Throughout the whole second half of the nineteenth century “to read [John] Ruskin was accepted as proof of the possession of a soul.” So the great art historian Kenneth Clark once put it.
Ranking high among the eminent figures of the Victorian age, Ruskin was a man of many passions: poet, artist, critic, teacher, social reformer, and early conservationist. He stood staunchly against the dehumanizing effects of England’s Industrial Revolution, defending the human dignity of the laborer and celebrating the “nobility” of “unrefined” objects manufactured by the skill of humans rather than machines. These man-made objects, he insisted, “bring out the whole mind” and “the finer nature” of the laborer. In contrast was the machine-made product, which asked nothing of the workman’s soul but that he subordinate himself to the laws of the assembly line — hence: ugly, soulless, mass-produced items, and human workers degraded to automatons.
To Ruskin, labor and art need not be polarized as the ethos of the modern factory would have it. Rather, labor should be more than a matter of economy, and art more than a matter of taste. Both should coalesce in expression of the vitality, inventiveness, heart, thought, and spirit of humanity. How’s that for big dreaming?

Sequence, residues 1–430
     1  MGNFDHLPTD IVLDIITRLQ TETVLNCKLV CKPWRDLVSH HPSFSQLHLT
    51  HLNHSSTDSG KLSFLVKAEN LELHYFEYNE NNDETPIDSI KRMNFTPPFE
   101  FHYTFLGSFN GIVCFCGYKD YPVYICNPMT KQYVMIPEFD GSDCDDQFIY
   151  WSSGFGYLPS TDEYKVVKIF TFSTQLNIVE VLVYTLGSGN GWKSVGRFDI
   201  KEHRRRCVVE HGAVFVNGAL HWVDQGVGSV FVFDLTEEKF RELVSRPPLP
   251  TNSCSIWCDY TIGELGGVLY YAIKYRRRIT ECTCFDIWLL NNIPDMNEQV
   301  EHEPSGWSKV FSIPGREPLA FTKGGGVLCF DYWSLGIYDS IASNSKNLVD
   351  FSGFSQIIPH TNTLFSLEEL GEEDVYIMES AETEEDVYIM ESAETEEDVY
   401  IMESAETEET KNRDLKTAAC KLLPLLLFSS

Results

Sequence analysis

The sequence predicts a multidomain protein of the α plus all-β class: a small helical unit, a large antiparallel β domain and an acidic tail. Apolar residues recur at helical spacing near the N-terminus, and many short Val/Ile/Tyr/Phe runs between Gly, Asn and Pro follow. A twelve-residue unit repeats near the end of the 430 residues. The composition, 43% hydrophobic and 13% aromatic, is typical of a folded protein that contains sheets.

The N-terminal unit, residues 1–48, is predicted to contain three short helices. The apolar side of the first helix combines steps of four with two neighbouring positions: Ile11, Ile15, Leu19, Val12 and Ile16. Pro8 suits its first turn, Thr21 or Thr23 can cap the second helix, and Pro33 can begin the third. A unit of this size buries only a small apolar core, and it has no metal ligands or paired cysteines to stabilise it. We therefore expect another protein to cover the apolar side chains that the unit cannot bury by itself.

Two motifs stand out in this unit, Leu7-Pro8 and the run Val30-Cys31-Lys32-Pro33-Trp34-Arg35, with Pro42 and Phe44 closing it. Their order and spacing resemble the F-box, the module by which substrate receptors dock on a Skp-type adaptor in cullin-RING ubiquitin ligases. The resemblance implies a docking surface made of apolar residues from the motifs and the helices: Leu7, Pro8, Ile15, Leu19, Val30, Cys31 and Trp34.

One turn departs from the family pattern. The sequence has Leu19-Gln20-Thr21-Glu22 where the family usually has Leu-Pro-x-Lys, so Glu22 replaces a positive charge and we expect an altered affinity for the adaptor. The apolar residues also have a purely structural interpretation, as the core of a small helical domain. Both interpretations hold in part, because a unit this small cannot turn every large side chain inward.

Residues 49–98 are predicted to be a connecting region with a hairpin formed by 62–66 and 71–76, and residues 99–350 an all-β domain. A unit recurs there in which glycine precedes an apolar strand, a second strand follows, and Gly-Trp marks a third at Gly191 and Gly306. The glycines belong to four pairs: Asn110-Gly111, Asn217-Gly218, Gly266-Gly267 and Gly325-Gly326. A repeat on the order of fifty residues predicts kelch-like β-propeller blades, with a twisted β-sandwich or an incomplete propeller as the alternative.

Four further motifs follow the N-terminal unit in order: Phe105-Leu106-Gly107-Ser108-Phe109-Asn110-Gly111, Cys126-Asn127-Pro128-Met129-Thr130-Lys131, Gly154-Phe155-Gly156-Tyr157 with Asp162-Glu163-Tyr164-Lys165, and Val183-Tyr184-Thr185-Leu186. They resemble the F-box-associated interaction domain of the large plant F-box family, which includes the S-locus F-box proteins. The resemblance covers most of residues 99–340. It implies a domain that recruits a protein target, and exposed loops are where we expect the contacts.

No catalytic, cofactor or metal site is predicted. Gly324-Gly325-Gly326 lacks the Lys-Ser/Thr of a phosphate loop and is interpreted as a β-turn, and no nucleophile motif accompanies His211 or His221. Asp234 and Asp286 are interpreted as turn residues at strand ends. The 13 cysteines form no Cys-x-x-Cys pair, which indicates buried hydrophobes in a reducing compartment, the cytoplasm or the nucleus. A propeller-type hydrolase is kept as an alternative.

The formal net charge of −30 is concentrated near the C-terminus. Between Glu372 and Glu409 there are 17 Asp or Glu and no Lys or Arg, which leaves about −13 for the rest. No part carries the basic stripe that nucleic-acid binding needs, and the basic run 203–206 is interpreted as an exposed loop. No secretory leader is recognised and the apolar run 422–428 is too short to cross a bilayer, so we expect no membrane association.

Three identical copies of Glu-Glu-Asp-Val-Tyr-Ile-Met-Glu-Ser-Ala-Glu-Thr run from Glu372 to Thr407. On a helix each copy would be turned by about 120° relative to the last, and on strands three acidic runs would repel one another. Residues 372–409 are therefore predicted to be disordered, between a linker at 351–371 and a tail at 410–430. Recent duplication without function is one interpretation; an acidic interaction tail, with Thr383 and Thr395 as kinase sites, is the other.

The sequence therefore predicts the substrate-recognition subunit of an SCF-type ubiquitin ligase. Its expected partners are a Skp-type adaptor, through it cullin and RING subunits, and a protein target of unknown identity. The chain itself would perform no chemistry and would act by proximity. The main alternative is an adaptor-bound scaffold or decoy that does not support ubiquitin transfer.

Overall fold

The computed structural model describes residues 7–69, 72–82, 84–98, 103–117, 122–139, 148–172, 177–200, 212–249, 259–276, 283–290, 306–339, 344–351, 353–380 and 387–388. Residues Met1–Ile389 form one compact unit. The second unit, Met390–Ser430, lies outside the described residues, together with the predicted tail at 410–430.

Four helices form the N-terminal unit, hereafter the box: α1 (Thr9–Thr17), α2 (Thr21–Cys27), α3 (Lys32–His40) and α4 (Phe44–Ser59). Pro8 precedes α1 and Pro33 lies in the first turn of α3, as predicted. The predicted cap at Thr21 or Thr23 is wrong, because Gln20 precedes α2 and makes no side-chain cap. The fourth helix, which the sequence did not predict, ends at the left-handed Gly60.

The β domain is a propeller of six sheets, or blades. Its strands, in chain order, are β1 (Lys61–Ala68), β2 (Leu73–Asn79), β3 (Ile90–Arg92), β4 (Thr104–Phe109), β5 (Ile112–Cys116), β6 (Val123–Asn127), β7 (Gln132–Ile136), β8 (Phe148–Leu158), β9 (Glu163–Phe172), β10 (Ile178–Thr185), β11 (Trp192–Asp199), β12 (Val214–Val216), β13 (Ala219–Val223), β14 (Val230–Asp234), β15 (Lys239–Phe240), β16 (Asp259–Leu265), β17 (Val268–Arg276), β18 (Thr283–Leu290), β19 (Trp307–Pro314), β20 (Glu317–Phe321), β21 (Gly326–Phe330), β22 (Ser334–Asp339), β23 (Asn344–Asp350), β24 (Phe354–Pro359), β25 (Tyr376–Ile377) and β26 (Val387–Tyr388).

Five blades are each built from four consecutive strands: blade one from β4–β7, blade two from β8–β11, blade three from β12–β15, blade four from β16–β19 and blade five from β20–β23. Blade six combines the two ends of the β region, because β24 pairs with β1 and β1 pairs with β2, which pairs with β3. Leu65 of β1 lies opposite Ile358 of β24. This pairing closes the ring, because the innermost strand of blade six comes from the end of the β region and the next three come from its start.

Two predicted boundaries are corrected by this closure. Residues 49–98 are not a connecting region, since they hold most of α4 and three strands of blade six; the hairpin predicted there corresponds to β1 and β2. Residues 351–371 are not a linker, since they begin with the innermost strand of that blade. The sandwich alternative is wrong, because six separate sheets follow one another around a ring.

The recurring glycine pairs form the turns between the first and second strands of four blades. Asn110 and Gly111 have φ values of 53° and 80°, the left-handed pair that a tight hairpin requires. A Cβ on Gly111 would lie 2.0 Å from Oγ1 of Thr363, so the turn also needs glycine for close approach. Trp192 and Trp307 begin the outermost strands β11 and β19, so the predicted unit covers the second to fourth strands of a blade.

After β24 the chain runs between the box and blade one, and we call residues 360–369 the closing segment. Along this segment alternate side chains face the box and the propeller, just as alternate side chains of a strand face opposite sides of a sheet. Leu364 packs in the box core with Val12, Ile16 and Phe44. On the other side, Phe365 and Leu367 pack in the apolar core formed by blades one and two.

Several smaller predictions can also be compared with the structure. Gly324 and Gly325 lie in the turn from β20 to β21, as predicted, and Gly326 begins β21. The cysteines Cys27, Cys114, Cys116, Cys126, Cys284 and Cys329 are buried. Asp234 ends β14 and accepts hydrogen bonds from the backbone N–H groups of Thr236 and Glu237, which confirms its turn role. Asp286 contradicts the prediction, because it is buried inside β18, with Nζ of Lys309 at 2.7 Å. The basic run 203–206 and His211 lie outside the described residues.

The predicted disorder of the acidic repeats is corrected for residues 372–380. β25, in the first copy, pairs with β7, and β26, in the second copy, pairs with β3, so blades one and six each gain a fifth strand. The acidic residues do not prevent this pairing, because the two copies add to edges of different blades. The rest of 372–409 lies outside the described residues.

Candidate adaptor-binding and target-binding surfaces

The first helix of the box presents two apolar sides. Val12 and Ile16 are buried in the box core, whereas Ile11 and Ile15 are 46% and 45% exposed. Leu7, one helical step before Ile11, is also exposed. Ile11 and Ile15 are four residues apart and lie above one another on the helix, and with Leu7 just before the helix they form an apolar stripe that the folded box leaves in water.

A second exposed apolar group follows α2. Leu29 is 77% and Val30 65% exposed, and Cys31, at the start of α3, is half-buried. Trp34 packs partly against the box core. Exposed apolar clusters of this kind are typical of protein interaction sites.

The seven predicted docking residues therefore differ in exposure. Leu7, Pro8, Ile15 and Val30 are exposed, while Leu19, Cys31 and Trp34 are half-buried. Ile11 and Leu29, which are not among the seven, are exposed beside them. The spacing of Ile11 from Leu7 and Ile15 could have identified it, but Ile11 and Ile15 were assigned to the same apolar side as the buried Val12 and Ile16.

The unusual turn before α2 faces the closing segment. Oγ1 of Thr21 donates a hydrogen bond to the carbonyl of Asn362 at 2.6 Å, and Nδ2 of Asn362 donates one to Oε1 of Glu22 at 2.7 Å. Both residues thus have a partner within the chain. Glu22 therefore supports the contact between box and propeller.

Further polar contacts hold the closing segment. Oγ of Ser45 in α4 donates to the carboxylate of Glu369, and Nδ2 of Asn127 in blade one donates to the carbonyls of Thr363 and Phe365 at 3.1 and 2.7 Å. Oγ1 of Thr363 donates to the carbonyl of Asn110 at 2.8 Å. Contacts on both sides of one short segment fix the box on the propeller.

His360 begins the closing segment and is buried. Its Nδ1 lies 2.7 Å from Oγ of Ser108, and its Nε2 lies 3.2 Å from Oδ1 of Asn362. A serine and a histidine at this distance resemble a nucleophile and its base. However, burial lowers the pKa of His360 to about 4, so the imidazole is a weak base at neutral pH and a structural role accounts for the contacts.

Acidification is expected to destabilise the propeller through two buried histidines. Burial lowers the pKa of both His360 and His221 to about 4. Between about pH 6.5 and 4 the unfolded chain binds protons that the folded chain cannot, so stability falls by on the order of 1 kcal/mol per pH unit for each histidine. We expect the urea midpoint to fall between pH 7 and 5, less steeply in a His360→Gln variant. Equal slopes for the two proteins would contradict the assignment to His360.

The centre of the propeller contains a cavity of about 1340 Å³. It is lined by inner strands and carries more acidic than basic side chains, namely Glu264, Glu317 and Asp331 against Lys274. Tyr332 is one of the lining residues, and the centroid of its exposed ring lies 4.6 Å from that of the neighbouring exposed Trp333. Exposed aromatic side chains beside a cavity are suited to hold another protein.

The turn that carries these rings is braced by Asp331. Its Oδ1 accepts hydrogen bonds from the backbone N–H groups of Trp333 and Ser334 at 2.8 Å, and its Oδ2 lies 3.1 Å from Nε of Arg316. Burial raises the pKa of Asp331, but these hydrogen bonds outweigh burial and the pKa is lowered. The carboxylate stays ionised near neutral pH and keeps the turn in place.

Actually, given Ruskin’s powers of eloquence, it all amounted to far more than mere fancy. Thanks in no small part to his preachments, the dynamic Arts & Crafts movements emerged in England and America, mini-Renaissances of a kind. And as Kenneth Clark notes,
The influence of Ruskin’s ideas on social reform has been immense. Most of the changes which he advocated — free schools, free libraries, town planning, smokeless zones, green belts — are now taken for granted. … Today his thoughts influence the lives of millions.”
(Among Ruskin’s latter day admirers was Mahatma Ghandi, who professed a huge debt to the Victorian’s influence.)